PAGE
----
IMO, propane is one of the worst choices for off-grid fuel. You couldn't even buy the stuff around here this winter because all the suppliers ran out. And the last they had when they were rationing to people for fillups, they were selling for over $7/gallon. Plus there is no way in hell a LP truck can get in here. Our 500 gallon tank for the genset used to be mounted on a wagon running gear and I towed it 25 miles to where the truck could come and fill it up, then towed it home. The only upside to propane is its shelf-life. But it has so many downsides that it's not even worth considering unless you live in a tropical climate like Missouri. I can haul a 500 gallon tank of diesel fuel in here and it's got one hell of a lot more energy in that 500 gallons of diesel fuel than 500 gallons of propane has, for less than half the cost per BTU.

            The only thing we use the waste heat from the gensets for is to heat the powerhouse in the winter. The powerhouse has thermostatically controlled ventilation that keeps it at 75F in there in the winter for the air-cooled engines so they don't run too cold. Never did get into using liquid-cooled genset because it takes too damn much time to warm them up properly before they can accept full rated load.
            off-grid in Northern Wisconsin for 14 years

            Comment


            • #7
              Originally posted by ChrisOlson View Post
              There is a common misconception that you cannot cycle batteries below 50% DoD or it will ruin them. This is totally and blatantly false for real deep-cycle batteries. They can regularly be discharged to 80% DoD and it doesn't hurt them one bit. And in fact, it makes them more efficient on charging.
              Sorry got to bust you on this one as being absolutely false. There is not one bit of credible data to support that statement and contrary to every bit of published data by the manufactures and third party testing. If folks go discharging to 80% DOD are asking for very short battery life, It will take that 5 year battery and turn it into 2 years or less. Just about every DOD vs Cycle life graph published looks like this.

              MSEE, PE

              Comment


              • #8
                Originally posted by Sunking View Post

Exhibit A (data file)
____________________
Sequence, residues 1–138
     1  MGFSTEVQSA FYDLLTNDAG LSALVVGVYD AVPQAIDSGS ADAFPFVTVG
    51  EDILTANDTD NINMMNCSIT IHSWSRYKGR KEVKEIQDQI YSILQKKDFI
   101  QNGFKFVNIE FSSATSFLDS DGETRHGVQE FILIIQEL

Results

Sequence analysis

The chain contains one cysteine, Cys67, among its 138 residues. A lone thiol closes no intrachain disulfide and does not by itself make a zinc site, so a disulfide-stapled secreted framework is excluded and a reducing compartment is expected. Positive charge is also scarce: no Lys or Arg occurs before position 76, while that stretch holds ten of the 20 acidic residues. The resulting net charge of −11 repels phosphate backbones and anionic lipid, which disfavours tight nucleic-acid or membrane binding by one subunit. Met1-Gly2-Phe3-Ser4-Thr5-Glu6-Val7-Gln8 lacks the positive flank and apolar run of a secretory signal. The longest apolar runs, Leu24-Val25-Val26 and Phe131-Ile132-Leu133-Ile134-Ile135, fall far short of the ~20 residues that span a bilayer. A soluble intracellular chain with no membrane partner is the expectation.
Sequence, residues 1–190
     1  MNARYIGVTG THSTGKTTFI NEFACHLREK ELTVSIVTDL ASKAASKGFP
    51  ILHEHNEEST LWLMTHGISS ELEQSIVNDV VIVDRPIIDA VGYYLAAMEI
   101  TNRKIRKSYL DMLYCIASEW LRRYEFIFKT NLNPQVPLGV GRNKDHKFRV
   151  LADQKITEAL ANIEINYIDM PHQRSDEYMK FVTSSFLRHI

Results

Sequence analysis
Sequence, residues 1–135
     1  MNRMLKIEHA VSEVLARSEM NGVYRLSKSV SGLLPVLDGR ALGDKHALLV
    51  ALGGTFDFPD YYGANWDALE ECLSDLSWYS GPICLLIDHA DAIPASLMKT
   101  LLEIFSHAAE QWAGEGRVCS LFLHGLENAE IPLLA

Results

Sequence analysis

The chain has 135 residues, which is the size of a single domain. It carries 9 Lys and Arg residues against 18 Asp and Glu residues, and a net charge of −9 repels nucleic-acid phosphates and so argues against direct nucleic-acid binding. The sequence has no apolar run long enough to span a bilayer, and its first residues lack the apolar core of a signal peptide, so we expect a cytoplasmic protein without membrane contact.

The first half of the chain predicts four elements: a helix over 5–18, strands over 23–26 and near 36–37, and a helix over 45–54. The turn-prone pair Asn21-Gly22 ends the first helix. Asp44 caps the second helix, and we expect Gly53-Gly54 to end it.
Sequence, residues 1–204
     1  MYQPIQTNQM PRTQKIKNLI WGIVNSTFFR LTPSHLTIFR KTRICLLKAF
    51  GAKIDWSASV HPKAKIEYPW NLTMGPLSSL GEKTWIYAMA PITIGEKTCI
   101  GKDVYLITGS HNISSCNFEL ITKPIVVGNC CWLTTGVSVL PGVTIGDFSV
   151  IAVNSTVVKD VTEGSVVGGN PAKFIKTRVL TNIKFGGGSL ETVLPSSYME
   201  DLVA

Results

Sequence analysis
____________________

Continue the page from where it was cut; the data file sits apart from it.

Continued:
If folks go discharging to 80% DOD are asking for very short battery life, It will take that 5 year battery and turn it into 2 years or less. Just about every DOD vs Cycle life graph published looks like this.
                Been doing it to ours for five years come March 21 and not a single problem with it. I have very sophisticated equipment on our system that keeps track of every kWh into and out of the batteries and they still have very close to rated capacity on discharge.

                It's all about cost/kWh. You can cycle a battery shallow and get more more years from it. But that doesn't mean you got more kWh into and out of that battery. Or you can buy less batteries and work the snot out of them and replace them more often, getting better charging efficiency and more kWh into and out of them over their life. I prefer the latter method. Getting 7-8 years down the road and dealing with batteries that only have 50% original capacity left and trying to squeeze another couple years out of them when they're half dead doesn't save you any money because their charging efficiency at that age is going up in smoke. You're throwing your energy you put into them right out the window.

                We also use quite sophisticated methods to reduce cycling. We don't recharge every day and waste a cycle in the battery's life. During periods of poor RE production our batteries will sometimes go thru a gradual 7-10 day decline to a very low SOC before being recharged again. That is only one cycle over that 7-10 day period.

                Not every manufacturer recommends cycling below 50% SOC. OTOH, some specifically recommend it, like GB Industrial, who doesn't recommend recharging their forklift batteries at ALL until they reach 80% DoD. Rolls specifically recommends deeply discharging shallow cycled batteries at least once per month to keep them healthy.

                As usual, check with your battery manufacturer.

                References:
                2. Over Charging and Opportunity Charging
                Industrial batteries are typically designed to last at least 1,500 charge cycles, over a five to fifteen year period. Each time you charge a battery, regardless of how long, it constitutes one cycle.

                Consistently charging a battery twice per day, during lunch breaks for example, is known as Opportunity Charging, and reduces the useful life of a battery by 50%.